Eleven reasons to control the protein intake of patients with chronic kidney disease

Nat Clin Pract Nephrol. 2007 Jul;3(7):383-92. doi: 10.1038/ncpneph0524.


For many years patients with chronic kidney disease have been advised to control the protein content of their diet. This advice has been given on the basis of a number of reported metabolic effects of lowering protein intake, such as lowering serum urea nitrogen levels, improving phosphocalcic metabolism and insulin resistance and, more recently, ameliorating proteinuria (independent of antiproteinuric medications). The effects on the progression of kidney disease, although spectacular in experimental studies, have been less convincing in humans. It is possible that flawed design of clinical trials is responsible for this discrepancy. In this Review, we comment on experimental findings that indicate that limiting protein intake protects the kidney and ameliorates uremic symptoms, outline how the body adapts to a reduction in protein intake, and describe the metabolic benefits to the patient. We then review the evidence from randomized controlled trials and meta-analyses that pertains to the effects of low-protein diets in adults with chronic kidney disease.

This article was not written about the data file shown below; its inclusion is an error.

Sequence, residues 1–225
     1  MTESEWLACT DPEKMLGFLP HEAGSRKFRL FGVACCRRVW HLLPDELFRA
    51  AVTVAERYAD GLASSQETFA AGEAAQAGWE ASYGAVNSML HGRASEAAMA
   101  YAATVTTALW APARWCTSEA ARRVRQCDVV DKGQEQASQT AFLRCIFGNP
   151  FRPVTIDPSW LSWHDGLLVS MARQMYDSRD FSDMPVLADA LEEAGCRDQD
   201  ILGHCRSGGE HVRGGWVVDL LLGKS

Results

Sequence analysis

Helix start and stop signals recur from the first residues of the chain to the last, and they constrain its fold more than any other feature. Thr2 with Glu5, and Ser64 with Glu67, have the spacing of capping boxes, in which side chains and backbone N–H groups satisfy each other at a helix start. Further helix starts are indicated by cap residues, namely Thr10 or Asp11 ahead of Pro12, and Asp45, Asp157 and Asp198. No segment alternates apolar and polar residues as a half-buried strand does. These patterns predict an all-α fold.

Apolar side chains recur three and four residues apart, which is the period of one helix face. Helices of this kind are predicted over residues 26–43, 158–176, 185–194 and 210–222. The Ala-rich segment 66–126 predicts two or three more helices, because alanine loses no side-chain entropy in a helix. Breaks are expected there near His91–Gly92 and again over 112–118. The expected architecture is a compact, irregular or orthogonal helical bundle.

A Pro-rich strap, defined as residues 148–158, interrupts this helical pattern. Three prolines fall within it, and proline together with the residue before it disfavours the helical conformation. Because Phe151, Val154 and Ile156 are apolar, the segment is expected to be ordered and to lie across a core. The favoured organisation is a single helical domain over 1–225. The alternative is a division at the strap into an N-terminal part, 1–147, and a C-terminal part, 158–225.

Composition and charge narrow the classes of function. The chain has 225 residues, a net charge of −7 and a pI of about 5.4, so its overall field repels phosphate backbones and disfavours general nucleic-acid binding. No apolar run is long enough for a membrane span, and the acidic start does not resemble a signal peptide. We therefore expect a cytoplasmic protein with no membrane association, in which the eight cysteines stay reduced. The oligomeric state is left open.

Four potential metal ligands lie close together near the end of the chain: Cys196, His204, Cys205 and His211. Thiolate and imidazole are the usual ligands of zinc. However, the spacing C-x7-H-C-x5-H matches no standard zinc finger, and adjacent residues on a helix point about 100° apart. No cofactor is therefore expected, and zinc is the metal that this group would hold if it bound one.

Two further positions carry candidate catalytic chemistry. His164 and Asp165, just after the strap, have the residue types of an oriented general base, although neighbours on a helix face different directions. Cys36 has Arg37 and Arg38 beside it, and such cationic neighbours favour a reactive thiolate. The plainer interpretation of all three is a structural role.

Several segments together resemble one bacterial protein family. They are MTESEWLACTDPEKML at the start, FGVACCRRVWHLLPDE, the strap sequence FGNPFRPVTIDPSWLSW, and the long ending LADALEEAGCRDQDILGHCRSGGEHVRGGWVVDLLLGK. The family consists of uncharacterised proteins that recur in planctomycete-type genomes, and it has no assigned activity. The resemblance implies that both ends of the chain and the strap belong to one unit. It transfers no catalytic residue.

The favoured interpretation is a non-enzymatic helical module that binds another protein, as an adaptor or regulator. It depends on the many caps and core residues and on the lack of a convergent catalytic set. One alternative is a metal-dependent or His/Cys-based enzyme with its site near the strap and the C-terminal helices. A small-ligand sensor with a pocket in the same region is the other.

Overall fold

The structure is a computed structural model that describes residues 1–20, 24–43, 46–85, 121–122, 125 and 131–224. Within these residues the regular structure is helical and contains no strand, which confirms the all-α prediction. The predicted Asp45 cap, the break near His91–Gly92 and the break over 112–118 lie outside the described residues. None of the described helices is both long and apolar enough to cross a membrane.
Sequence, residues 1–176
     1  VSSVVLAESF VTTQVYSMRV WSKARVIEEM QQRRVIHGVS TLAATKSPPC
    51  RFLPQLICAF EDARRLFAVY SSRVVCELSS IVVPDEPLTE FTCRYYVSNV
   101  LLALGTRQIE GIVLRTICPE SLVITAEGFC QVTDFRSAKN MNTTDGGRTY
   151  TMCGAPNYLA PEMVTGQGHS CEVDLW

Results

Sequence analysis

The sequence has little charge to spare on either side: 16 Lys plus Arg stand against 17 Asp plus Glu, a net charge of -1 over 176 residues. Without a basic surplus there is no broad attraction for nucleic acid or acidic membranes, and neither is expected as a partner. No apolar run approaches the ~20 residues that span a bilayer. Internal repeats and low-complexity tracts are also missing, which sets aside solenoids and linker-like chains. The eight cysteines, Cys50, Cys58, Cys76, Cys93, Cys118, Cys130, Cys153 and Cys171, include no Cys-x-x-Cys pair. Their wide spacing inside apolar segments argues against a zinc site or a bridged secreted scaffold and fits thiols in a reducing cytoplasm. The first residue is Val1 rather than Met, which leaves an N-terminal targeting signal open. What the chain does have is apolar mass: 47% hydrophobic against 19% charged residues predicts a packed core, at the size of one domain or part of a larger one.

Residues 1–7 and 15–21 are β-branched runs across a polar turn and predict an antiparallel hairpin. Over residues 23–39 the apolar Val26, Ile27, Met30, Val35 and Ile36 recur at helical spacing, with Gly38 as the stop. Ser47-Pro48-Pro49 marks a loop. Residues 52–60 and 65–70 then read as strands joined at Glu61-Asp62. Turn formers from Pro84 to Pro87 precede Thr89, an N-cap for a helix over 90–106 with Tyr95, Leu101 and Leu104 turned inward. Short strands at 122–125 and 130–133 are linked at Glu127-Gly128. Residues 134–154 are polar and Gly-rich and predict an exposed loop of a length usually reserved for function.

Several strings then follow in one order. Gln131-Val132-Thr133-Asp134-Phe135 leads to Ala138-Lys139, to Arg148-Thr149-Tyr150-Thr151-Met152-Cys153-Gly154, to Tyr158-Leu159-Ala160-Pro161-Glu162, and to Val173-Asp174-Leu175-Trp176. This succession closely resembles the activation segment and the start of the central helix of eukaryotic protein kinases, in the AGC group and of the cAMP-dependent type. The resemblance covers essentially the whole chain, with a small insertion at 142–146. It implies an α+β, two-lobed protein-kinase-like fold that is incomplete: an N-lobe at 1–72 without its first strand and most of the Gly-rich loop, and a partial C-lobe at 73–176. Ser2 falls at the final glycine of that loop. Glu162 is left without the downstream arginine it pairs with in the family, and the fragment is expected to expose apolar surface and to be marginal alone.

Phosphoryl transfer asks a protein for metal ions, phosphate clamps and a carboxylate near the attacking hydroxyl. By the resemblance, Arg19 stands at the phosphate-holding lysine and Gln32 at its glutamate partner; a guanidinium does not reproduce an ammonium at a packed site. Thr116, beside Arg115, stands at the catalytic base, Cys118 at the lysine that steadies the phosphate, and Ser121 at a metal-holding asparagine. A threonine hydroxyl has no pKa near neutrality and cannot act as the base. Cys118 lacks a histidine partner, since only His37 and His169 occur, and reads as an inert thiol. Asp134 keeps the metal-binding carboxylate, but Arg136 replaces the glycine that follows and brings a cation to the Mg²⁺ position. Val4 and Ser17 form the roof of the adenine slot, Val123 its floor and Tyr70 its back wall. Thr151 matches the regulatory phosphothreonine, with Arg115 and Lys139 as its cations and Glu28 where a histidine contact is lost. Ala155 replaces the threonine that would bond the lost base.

Publication types

  • Review

MeSH terms

  • Diet, Protein-Restricted*
  • Disease Progression
  • Energy Metabolism
  • Female
  • Follow-Up Studies
  • Humans
  • Kidney Failure, Chronic / diet therapy*
  • Kidney Failure, Chronic / physiopathology
  • Kidney Failure, Chronic / prevention & control*
  • Kidney Function Tests
  • Male
  • Nutritional Requirements
  • Randomized Controlled Trials as Topic
  • Risk Factors
  • Severity of Illness Index
  • Treatment Outcome